Baker City Herald, May 27, 1999
Injured workers relate horror stories
By JAYSON JACOBY
Of the Baker City Herald
By JAYSON JACOBY
Of the Baker City Herald
On July 1, 1996, Roger Nelson, just 31 years old, was a little more than 10
years from a lucrative retirement as an expert mechanic for Ford Motor Co.
On July 1, 1996, Roger Nelson, just 31 years old, was a little more than 10 years from a lucrative retirement as an expert mechanic for Ford Motor Co.
Nelson, who was living in Vancouver, Wash., and working in Hillsboro, reached down to pick up a manifold.
His back snapped.
He spent six months attending physical therapy sessions that left him screaming in pain but still unable to return to work. He tried anyway, but he simply could not crawl around under cars or lift heavy parts as he had since he was a teen-ager.
Nelson's employer's workers' compensation provider was SAIF, the independent, quasi-public corporation the Oregon Legislature created in 1979.
He said SAIF paid about $12,000 for his medical costs through February 1997, when the company closed his case.
Nelson and his wife, Kimberly, who moved to Baker City two years ago, said they haven't seen a dime from SAIF since.
Almost three years after his injury, Nelson still has trouble getting out of bed. He considers it a good day when he can prop his shoe on a table and tie the laces.
Ford won't rehire him, even at a job that doesn't require him to strain his back. SAIF won't reopen his case or declare him even partially disabled which would allow him to access the $750,000 in the retirement account he amassed during his career with Ford.
The Nelsons said they have more than $20,000 in outstanding medical bills. They've already emptied a $75,000 Certificate of Deposit investment Roger had through his job. He refuses to sell the race car he built (but can't drive), but he's already sold two Corvettes.
Nelson has applied for Social Security disability but was turned down each time.
He's worked with 16 claims adjusters from SAIF. He's had eight lawyers. He's seen several doctors. He said one back expert wouldn't treat him because he "didn't want to be responsible."
Today the Nelsons are driving to Portland to see another doctor. The 300-mile trip will take at least eight hours, because the couple has to stop frequently so Roger can stretch his back. The Nelsons hope the doctor's diagnosis will convince SAIF to reopen Rogerís case. SAIF was supposed to pay for the trip, but as of Wednesday the check hadn't arrived.
It's been hell," Kimberly Nelson said. "The don't want to help us."
The Nelsons were among about 20 people who attended a meeting Wednesday night in Baker City.
Several other audience members are, like Nelson, injured workers who told similar horror stories about their experiences with Oregon's vaunted workers' compensation system.
That system has been touted as a model for the nation both for its low cost -- rates have dropped by almost 55 percent since the Legislature approved a series of reforms in 1990 -- and its treatment of injured workers.
But the workers at Wednesdays meeting described a system vastly different from the one Oregon politicians and economic development officials use to lure new business to the state.
"It's just outright cruel, immoral, sadistic," said Ernie Delmazzo of the Injured Workers' Alliance. "They're treating us sub-human."
Audience members talked about problems with all the players in the system -- insurance companies such as SAIF and Liberty Northwest, doctors, lawyers and politicians.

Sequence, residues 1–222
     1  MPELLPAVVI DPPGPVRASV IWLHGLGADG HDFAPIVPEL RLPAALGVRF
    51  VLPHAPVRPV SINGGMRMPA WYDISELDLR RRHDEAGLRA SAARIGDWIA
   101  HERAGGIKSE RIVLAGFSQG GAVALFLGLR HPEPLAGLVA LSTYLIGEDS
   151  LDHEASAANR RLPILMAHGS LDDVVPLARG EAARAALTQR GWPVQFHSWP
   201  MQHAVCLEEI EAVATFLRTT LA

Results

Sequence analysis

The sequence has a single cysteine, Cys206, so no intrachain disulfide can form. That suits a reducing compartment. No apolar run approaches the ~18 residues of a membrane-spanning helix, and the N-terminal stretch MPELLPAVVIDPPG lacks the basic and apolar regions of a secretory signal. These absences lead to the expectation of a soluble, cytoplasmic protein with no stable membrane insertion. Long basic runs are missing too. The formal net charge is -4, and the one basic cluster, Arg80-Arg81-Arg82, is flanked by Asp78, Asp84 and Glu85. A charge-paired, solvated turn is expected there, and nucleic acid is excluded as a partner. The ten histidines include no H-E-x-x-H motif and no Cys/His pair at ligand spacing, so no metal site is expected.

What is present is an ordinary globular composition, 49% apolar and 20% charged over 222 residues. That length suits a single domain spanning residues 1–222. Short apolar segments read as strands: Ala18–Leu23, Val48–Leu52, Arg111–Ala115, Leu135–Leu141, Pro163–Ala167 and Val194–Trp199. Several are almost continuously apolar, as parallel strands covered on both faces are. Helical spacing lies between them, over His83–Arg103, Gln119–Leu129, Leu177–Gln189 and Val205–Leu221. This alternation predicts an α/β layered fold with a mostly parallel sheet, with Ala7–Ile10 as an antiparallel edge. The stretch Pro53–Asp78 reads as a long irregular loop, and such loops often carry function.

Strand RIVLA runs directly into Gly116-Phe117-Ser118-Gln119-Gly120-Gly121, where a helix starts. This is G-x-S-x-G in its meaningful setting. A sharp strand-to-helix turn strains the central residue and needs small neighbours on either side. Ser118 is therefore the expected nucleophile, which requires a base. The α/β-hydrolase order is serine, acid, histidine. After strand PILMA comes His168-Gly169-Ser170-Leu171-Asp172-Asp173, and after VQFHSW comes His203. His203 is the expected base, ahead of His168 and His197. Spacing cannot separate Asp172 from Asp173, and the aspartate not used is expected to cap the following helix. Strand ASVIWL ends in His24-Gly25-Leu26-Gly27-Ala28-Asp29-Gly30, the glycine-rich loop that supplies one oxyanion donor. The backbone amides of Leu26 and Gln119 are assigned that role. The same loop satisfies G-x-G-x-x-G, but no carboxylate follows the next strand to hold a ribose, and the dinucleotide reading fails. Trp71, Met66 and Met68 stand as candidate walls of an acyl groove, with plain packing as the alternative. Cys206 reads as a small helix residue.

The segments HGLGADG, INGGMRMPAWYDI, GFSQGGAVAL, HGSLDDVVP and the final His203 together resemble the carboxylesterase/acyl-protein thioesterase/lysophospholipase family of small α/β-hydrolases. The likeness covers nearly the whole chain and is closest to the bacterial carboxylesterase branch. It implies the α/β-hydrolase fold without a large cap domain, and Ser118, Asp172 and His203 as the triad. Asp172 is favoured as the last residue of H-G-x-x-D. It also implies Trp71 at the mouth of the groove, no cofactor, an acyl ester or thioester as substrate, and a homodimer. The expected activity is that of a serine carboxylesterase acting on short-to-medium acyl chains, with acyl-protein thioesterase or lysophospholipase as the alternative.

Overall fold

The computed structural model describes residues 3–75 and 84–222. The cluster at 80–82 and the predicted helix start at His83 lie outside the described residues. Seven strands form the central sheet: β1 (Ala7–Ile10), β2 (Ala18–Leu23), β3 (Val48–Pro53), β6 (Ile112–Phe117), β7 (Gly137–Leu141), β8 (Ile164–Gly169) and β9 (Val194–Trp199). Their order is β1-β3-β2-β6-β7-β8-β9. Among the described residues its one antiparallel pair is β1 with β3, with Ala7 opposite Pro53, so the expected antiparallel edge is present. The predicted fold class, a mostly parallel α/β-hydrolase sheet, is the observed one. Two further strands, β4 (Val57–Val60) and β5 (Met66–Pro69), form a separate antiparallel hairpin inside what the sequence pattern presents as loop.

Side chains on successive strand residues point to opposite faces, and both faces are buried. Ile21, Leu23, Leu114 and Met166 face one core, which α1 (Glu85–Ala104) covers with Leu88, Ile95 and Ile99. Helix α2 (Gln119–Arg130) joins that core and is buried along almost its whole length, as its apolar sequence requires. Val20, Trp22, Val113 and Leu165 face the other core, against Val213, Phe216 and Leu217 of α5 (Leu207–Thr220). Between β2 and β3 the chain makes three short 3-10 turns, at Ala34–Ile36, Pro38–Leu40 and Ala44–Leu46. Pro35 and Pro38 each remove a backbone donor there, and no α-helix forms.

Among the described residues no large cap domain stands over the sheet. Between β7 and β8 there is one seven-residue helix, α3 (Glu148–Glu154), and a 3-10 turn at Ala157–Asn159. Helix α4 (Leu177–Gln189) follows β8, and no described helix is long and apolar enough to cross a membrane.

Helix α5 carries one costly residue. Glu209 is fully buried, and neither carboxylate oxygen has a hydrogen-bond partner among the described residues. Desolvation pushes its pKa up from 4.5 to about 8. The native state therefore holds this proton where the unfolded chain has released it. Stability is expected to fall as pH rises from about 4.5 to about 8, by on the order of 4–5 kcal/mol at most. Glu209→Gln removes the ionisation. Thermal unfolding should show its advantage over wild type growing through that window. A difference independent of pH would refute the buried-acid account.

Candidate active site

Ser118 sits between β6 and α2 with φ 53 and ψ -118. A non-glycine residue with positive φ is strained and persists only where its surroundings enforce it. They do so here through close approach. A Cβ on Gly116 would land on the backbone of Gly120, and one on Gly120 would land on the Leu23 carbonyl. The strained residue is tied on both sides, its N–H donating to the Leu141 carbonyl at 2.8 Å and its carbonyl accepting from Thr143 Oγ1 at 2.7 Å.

They were especially critical of the "Insurance Medical Evaluations" insurers often require for injured workers. These evaluations, which used to be called "independent," often are used as justification for closing an injured workerís claim, Delmazzo said.
The problem, he said, is that some companies that provide the evaluations receive all their revenue from insurance companies, and thus have a vested interest in rendering opinions that may allow the insurer to close a case at the worker's expense.
Billy Washington, a Portland truckdriver who was hurt on the job July 2, 1996, one day after Nelson's injury, told the audience that the system encourages lawyers representing injured workers to settle claims quickly, because that's likely to result in more money for the attorney, than a case that lasts for years.
But the settlement workers agree to often isnít sufficient to pay for even basic medical costs, Washington said.
He urged injured workers to find lawyers who specialize in workers' compensation cases.
Washington said he was able to have surgery on his injured knee relatively soon because he had a supplementary insurance policy. But he said that six months after the surgery, his workers' compensation still hadn't yet authorized him to have surgery and required him to visit a doctor to get a second opinion about his injury.
Washington encouraged audience members to write to Oregon legislators asking them to support efforts to change the stateís workers' compensation system.
"In numbers of people is power," he said. "We need to get together as many people as we can and bombard the city of Salem."
Several people said Wednesday that one of the most difficult aspects of dealing with their injuries was convincing others, including family members how serious their situation was.
"It's been hard for us because our families don't understand what we're going through," Kimberly Lewis said.
Washington said people who have not been hurt on the job, or been close to someone who has, have trouble understanding the trauma the workers' compensation system can cause.
"No one wants to believe you," he said. "A worker who has been in a job for 25 years thinks he's OK, that his insurance will take care of him. But it can happen to anybody at any time. All of this false security they have built up is just that.
"It can go away in an instant."